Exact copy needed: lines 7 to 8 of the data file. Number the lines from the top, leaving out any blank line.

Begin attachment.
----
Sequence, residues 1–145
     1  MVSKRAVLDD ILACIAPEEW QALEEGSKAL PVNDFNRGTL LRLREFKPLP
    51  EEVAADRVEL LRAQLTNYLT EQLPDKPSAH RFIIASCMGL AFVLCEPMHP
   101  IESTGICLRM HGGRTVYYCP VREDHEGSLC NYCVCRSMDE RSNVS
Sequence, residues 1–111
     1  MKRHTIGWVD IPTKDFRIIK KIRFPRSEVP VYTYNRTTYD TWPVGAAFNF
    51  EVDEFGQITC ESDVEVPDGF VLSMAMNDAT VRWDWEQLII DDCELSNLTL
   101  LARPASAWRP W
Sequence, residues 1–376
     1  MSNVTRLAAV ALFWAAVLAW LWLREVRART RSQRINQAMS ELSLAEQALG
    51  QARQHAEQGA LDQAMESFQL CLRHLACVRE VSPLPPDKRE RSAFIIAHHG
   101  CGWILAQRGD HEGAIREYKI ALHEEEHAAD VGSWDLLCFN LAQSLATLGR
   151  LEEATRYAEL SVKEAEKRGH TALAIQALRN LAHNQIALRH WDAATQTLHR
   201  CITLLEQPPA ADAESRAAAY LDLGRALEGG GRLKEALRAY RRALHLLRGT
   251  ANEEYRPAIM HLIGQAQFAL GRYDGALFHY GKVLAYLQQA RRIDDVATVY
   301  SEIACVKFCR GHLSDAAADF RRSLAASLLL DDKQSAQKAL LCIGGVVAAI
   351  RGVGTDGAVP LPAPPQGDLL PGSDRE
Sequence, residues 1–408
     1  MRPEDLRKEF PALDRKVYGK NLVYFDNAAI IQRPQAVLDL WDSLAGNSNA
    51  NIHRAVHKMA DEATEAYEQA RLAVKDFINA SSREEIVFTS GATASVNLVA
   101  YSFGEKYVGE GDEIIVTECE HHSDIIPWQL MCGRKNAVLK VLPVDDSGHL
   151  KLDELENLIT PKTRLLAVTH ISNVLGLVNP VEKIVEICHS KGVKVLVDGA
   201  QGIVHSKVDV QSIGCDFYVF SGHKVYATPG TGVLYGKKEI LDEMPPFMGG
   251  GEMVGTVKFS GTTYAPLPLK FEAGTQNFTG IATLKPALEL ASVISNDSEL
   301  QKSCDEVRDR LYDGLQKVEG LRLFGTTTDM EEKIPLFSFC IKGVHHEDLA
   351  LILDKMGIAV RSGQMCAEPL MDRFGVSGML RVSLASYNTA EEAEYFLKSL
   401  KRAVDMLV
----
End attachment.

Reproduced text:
    51  EVDEFGQITC ESDVEVPDGF VLSMAMNDAT VRWDWEQLII DDCELSNLTL
   101  LARPASAWRP W